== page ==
Cambrian Explosion


The Cambrian explosion of life was a relatively short period c. 540 Mya when a sudden acceleration in evolution led to the rise of multicellular animals, but the cause of this key biological event remains elusive. Diverse environmental, developmental and ecological causes have been put forward as potential triggering events, but none of them has so far succeeded in obtaining widespread acceptance. Probably the correct answer has to be sought in a unifying theory capable of taking into account several of the most likely candidate factors and using adequate physiological experimental models such as marine sponges, the oldest extant Precambrian metazoan phylum. The Cambrian explosion might have been unleashed by the coincidence in time of primitive metazoans endowed with self‐/non‐self‐recognition and of a surge in sea water calcium that increased the binding forces between their calcium‐dependent cell adhesion molecules.

Key Concepts:

  • The Cambrian explosion is widely regarded as one of the most relevant episodes in the history of life on Earth, when about half of living animal phyla first appear in the fossil record.

  • The proposals to explain the occurrence of the Cambrian explosion in terms of why and when it happened have been various and usually fall within environmental, developmental and ecological reasons.

  • The triggering event of the Cambrian explosion likely has not only environmental, developmental or ecological causes, but a mixture of them all.

  • The development of self‐/nonself‐recognition in primitive metazoans was a necessary innovation for the consolidation of multicellularity.

  • The molecular basis of the Cambrian explosion should be understood based on mechanisms which could generate organismal diversity by utilising pre‐existing genes but not by creating new genes with novel function.

  • Marine sponges are an ideal candidate model to provide answers dealing with molecular, cellular, organismal and populational aspects of the Cambrian explosion.

  • Calcium‐based cell adhesion is essential for the integrity of marine sponges.

  • There was a well‐referenced substantial increase in sea water calcium levels around the beginning of the Cambrian period.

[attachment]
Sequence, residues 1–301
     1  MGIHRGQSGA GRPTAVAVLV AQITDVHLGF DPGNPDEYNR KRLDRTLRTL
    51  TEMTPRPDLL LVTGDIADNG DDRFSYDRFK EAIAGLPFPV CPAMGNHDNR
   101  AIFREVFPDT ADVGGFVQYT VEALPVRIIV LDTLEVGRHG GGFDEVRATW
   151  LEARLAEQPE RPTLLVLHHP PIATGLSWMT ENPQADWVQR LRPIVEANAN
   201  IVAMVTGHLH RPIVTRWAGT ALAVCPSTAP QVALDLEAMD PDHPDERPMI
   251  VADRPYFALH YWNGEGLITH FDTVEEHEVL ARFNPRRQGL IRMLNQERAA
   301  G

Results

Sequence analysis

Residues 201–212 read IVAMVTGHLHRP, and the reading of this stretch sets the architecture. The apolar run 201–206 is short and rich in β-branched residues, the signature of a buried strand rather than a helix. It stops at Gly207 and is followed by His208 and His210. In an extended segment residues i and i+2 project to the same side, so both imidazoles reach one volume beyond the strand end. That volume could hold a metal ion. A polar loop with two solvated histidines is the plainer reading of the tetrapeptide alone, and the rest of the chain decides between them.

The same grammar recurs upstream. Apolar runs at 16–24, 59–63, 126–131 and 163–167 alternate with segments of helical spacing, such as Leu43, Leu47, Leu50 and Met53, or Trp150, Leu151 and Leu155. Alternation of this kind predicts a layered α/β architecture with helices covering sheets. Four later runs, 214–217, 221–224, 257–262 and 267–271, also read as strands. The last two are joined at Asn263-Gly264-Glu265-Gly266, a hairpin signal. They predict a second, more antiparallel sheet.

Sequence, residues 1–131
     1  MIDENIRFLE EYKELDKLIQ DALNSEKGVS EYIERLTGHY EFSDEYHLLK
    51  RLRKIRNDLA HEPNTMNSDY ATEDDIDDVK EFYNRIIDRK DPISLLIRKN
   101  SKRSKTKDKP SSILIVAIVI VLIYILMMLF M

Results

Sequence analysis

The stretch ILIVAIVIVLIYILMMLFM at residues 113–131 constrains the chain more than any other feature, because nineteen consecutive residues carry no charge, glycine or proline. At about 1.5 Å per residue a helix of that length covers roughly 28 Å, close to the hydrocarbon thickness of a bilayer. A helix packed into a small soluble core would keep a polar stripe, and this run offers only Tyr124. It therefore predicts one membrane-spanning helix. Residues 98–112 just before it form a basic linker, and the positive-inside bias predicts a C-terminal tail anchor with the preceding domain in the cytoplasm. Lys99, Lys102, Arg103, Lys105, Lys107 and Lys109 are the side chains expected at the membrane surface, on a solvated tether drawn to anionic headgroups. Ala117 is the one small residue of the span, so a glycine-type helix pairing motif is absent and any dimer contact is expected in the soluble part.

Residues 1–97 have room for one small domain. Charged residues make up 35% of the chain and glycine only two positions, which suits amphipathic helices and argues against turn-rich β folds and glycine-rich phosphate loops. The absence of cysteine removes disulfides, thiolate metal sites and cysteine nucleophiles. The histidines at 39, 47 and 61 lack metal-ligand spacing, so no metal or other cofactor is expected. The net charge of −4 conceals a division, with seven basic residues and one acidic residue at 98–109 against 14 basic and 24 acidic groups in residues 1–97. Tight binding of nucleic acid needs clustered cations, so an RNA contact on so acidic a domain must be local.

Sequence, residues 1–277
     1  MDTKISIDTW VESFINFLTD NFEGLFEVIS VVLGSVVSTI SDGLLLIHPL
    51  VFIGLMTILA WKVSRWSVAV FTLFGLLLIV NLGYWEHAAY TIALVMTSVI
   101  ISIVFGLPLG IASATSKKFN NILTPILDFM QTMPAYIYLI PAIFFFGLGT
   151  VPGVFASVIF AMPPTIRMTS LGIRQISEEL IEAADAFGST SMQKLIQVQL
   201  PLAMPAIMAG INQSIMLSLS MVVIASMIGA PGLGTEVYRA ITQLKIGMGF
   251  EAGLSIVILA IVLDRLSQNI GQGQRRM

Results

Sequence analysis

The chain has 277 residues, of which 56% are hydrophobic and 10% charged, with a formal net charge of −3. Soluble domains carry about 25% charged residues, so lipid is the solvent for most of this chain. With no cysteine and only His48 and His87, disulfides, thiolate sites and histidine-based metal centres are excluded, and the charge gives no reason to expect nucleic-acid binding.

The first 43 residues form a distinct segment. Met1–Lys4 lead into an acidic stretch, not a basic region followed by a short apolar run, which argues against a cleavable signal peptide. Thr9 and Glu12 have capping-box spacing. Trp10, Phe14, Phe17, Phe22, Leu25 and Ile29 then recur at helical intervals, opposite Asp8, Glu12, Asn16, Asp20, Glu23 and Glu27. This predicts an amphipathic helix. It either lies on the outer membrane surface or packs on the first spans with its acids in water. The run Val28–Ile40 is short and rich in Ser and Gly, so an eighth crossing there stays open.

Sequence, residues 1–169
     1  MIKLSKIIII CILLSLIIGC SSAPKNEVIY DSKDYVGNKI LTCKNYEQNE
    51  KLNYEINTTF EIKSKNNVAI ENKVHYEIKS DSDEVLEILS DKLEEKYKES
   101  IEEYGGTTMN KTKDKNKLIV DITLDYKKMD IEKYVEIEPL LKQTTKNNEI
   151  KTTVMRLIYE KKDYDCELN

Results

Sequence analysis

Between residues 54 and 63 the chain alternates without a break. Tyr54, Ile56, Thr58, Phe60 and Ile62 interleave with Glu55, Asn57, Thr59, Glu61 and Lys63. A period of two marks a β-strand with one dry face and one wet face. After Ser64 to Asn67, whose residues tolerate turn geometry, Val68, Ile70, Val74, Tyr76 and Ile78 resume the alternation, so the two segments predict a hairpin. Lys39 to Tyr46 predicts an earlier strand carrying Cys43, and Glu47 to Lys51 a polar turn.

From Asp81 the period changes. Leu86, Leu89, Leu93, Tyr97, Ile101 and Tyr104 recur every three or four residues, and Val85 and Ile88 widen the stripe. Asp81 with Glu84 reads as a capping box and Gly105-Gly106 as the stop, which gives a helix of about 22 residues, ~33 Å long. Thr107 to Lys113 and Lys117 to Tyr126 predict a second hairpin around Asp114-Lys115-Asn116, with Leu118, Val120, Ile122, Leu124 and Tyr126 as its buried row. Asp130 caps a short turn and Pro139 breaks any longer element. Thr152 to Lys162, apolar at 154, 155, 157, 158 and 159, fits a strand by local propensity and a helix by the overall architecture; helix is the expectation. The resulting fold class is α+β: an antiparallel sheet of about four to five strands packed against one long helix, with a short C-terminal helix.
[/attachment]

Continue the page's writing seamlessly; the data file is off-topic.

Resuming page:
• The calcium increase in Cambrian oceans coincided with the existence of primitive sessile metazoans, endowed with allogeneic recognition and carrying cell adhesion molecules which had significantly longer dissociation times at the new calcium concentrations.

  • The Cambrian explosion might have been triggered by the coincidence in time of primitive animals endowed with self‐/nonself‐recognition and of a surge in sea water calcium that increased the binding forces between their calcium‐dependent cell adhesion molecules.

Keywords: biogeochemistry; Cambrian explosion; carbohydrates; cell adhesion; multicellularity; ocean calcium content; origin of Metazoa; Porifera (sponges); proteoglycans; self‐/nonself‐recognition

Figure 1.

Animal diversity across the Proterozoic–Cambrian transition. The green curve at the bottom of the graph represents the carbon isotopic record for terminal Proterozoic and Cambrian carbonates. Reproduced from Knoll and Carroll , with permission from the American Association for the Advancement of Science.

Figure 2.

Self‐/nonself‐recognition in an evolutionary context. (a) Scheme representing the fate of encounters between multicellular aggregates in the absence of self‐/nonself‐recognition. (b) Scheme representing how self‐/nonself‐recognition could speed up metazoan evolution. Reproduced from Fernàndez‐Busquets et al., with permission from Oxford University Press.

Figure 3.